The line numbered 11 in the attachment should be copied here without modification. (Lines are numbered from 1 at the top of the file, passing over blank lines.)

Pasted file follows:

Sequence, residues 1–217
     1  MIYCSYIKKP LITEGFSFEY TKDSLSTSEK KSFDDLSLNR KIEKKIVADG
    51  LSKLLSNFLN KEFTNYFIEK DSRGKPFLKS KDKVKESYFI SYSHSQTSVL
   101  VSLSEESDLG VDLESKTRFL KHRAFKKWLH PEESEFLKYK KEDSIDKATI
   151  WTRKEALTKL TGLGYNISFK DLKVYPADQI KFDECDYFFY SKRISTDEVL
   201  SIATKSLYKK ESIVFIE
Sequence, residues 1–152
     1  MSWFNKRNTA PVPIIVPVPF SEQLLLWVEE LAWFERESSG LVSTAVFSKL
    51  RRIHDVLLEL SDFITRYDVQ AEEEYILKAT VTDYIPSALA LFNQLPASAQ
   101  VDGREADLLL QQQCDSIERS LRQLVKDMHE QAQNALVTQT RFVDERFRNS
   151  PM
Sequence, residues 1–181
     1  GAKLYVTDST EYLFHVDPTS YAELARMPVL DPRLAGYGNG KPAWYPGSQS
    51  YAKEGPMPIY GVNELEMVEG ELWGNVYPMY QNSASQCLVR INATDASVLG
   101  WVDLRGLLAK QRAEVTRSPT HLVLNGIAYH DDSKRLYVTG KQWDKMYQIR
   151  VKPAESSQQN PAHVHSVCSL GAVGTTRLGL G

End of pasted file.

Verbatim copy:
   151  PM